Home Europe Thousands rally in Slovakia to condemn the government plan to close top prosecutors’ office

Thousands rally in Slovakia to condemn the government plan to close top prosecutors’ office

by editor

Slovakians took to the streets of various towns and cities, including the capital Bratislava, to protest controversial proposals made by the new government of populist Prime Minister Robert Fico.


Thousands have taken to the streets of Slovakia, rallying in Bratislava and other major cities to denounce a plan by Prime Minister Robert Fico’s new populist government to amend the country’s penal code.

Demonstrators marched on Tuesday against the changes proposed by the coalition government, among them a proposal to abolish the special prosecutor’s office, which handles serious crimes such as graft, organised crime and extremism.

The changes are set to come into force by mid-January. They will returning those prosecutions to regional offices, which haven’t dealt with such crimes for 20 years.

A vocal but peaceful crowd in Bratislava gathered in front of the government office in a rally organised by several opposition parties, including Progressive Slovakia, the Christian Democrats and Freedom and Solidarity.

”We’ll defend our democracy,” said Michal Simecka, the head of the liberal Progressive Slovakia, the strongest opposition party. He called the proposals “a pro-mafia package.”

“We’ve had enough of Fico,” the people chanted.

Smaller rallies took place in the cities of Kosice, Nitra, Zilina, Banska Bystrica and Poprad.

Richard Sulik, the head of the pro-business Freedom and Solidarity party, said that around 1,000 unfinished cases are currently under investigation by special prosecutors.

“The proposed changes have a potential [sic] to disrupt our legal system,” Sulik explained.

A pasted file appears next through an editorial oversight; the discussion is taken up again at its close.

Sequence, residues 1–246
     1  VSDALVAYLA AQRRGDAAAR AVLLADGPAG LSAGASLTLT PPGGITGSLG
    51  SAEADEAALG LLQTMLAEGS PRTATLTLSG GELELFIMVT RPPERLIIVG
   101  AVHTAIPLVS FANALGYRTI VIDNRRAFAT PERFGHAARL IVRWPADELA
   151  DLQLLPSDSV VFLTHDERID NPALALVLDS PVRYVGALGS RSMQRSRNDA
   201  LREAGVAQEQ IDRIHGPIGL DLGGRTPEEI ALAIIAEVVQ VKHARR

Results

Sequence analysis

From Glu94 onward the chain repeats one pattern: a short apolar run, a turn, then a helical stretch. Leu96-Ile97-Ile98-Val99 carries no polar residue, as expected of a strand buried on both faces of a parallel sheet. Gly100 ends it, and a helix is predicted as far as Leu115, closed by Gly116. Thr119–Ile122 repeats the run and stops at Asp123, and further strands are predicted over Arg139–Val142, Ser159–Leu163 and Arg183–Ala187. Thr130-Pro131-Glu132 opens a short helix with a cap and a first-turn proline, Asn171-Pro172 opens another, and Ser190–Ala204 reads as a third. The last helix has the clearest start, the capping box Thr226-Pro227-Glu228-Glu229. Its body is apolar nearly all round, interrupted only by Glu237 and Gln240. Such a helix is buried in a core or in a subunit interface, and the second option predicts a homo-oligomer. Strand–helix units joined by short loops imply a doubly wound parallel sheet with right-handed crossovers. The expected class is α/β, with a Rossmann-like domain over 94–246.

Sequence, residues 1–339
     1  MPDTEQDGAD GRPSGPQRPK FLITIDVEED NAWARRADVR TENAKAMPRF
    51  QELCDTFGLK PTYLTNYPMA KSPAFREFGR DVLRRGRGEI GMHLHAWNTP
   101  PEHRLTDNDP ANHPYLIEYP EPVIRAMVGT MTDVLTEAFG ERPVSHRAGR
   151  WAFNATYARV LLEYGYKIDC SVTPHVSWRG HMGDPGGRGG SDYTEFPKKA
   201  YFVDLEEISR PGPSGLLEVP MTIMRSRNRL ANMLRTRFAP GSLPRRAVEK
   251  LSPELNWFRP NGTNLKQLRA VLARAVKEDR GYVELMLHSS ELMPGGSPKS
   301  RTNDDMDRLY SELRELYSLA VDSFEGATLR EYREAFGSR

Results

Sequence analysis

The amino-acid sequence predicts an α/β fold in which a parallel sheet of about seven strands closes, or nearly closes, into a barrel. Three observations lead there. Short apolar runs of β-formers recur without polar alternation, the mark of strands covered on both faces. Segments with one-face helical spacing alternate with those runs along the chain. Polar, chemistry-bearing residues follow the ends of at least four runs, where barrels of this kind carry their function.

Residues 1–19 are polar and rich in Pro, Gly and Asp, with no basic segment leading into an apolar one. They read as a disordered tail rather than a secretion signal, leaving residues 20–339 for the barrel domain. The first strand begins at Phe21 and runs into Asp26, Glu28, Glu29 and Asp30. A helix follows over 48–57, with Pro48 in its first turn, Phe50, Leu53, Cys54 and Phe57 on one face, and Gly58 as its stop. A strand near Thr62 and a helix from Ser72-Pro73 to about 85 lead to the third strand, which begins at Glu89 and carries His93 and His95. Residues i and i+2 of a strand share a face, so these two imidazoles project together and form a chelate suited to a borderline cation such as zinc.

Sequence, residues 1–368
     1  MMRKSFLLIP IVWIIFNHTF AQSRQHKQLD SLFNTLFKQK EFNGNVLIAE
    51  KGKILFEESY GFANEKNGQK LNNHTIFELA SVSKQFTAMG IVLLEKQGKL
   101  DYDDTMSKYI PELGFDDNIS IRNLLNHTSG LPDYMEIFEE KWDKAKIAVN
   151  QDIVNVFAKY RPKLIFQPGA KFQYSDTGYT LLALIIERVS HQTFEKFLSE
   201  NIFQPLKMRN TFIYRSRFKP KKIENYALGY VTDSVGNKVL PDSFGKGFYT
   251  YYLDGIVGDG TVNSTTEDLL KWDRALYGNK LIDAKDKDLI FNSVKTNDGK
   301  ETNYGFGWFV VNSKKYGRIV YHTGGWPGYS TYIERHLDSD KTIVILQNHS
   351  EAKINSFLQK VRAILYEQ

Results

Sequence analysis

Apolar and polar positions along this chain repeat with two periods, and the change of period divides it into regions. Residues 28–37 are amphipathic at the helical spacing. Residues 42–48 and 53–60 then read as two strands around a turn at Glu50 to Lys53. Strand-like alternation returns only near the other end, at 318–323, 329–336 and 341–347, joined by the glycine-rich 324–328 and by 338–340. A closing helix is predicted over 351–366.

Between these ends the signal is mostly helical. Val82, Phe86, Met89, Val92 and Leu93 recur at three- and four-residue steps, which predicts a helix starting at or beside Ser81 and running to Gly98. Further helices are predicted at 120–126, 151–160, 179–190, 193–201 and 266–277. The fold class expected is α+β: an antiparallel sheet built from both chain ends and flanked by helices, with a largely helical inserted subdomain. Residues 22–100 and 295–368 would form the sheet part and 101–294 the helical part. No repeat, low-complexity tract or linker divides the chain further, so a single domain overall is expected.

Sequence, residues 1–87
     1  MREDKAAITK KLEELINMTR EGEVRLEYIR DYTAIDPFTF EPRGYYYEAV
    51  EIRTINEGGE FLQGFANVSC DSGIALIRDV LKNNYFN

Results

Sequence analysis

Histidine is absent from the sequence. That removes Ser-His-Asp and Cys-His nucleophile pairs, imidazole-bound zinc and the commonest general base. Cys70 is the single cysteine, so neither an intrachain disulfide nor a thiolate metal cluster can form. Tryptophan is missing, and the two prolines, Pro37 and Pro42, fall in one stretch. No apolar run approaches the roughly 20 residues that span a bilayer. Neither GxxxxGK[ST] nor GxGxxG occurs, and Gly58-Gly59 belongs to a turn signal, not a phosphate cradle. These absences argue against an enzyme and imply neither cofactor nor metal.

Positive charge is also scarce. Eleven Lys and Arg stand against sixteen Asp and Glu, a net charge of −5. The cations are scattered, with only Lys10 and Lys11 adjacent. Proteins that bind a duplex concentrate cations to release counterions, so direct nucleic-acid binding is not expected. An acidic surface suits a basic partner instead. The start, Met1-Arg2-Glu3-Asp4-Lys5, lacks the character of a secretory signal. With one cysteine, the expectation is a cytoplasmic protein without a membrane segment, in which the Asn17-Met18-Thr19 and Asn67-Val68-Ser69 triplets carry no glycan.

President Zuzana Caputova said on Friday that in her opinion, the changes go against the rule of law. She noted that the European Commission also has expressed concerns that the measure is being rushed through.

The legislation was approved by Fico’s government on Wednesday, but now needs parliamentary and presidential approval. The three-party coalition currently has a majority in parliament.

Fico returned to power for the fourth time after his scandal-tainted leftist party won Slovakia’s 30 September parliamentary election on a pro-Russia and anti-American platform.

His critics worry that his return could lead Slovakia to abandon its pro-Western course and instead follow the direction of Hungary under Prime Minister Viktor Orbán.

Since Fico’s government came to power, some elite investigators and police officials who deal with top corruption cases have been dismissed or furloughed. The planned changes in the legal system also include a reduction in punishments for corruption.

Under the previous government, which came to power in 2020 after campaigning on an anti-corruption ticket, dozens of senior officials, police officers, judges, prosecutors, politicians and businesspeople linked to Fico’s party have been charged and convicted of corruption and other crimes.

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